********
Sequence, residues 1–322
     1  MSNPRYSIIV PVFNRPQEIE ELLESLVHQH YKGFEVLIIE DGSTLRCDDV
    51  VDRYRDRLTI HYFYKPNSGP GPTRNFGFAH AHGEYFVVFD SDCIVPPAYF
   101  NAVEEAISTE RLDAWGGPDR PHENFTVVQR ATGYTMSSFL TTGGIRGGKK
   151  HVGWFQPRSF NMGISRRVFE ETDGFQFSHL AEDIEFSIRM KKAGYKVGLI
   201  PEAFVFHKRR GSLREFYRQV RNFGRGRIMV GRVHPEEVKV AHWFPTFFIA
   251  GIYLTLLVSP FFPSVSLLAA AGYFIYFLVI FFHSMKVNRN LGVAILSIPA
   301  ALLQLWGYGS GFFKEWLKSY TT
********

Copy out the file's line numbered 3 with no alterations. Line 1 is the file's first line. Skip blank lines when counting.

    51  VDRYRDRLTI HYFYKPNSGP GPTRNFGFAH AHGEYFVVFD SDCIVPPAYF